In footnote 3 of its Report, SCO insinuates that Mr. Greer misrepresented the facts in a pre-litigation Internet post when he stated that AutoZone had not copied SCO libraries in AutoZone's migration to Linux and that Mr. Greer recanted those alleged misrepresentations in his deposition. . . . What the record in fact reflects is that Mr. Greer testified that AutoZone's objective was to recompile all AutoZone programs under Linux such that none of the programs would include any SCO libraries when the migration was completed. . . . When Mr. Greer made his Internet post, it was his understanding that this objective had been met. Mr. Greer only later discovered, as a result of AutoZone's investigations in this case, that some pre-migration OpenServer compiled programs had been copied errantly to the store server image. Significantly, all of this copying occurred after Mr. Greer [left] AutoZone's employ. Accordingly Mr. Greer would have had no way of knowing about the errant copying when he made his Internet post. Mr. Greer's Internet post was therefore wholly truthful to the best of his knowledge and information at the time made and SCO's ad hominem attacks on Mr. Greer's veracity are utterly unfounded.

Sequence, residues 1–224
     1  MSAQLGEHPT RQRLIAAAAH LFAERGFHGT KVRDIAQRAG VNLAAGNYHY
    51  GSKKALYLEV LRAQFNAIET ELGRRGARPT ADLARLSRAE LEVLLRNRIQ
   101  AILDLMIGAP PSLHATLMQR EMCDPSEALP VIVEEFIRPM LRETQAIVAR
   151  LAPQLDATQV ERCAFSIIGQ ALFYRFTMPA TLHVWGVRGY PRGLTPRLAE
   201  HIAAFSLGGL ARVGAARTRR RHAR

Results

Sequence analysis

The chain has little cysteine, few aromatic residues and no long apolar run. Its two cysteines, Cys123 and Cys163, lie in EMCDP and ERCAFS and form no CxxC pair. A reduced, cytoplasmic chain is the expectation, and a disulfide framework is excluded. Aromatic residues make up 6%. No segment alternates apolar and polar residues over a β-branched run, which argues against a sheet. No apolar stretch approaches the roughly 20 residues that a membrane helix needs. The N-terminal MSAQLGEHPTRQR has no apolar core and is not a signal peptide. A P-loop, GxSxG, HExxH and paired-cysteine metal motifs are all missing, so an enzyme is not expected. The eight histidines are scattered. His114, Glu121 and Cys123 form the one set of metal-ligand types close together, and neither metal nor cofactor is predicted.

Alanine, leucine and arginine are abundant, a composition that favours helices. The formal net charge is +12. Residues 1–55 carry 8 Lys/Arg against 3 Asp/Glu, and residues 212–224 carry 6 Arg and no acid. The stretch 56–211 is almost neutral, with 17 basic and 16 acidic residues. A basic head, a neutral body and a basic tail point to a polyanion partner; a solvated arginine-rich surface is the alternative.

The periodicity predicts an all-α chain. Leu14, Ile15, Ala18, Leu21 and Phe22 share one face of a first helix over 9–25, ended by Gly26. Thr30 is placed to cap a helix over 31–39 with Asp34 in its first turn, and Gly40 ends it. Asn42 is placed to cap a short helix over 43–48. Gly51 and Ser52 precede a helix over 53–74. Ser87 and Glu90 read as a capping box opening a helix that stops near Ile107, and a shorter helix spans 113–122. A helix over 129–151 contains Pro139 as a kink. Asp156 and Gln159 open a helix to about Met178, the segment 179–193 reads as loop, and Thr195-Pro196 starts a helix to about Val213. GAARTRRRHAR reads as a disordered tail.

So, I understand this to mean that the migration to Linux was, in fact, done properly, without copying any SCO code, during Mr. Greer's term at AutoZone. He left before it was completed, and any mistaken copying happened thereafter. In in-depth digging, Autozone found a number of old Xenix files they didn't need and weren't using that had been copied by mistake, evidently later. There were a limited number of programs errantly copied to its store server image that were old OpenServer compiled programs, just a handful, and "AutoZone has licenses to use virtually every one of those files." They were surprised to find 127 programs existing on their store servers, out of thousands of programs on a typical store server, that were compiled under OpenServer, but "only two appear to have been used on any of AutoZone's servers at any time since the migration process was completed: Compx and Decompx." So obviously, since they had never been used, the rest were copied by mistake. And looking at the programs compiled on OpenServer, AutoZone's initial analysis is that only about 20 OpenServer libraries were included in the programs. AutoZone, in addition to the developer kit license, also purchased end user licenses from SCO to use SCO compiled code on more than 2900 computers. "These licenses cover the vast majority of the copies of which SCO complains in the SCO Report to the Court."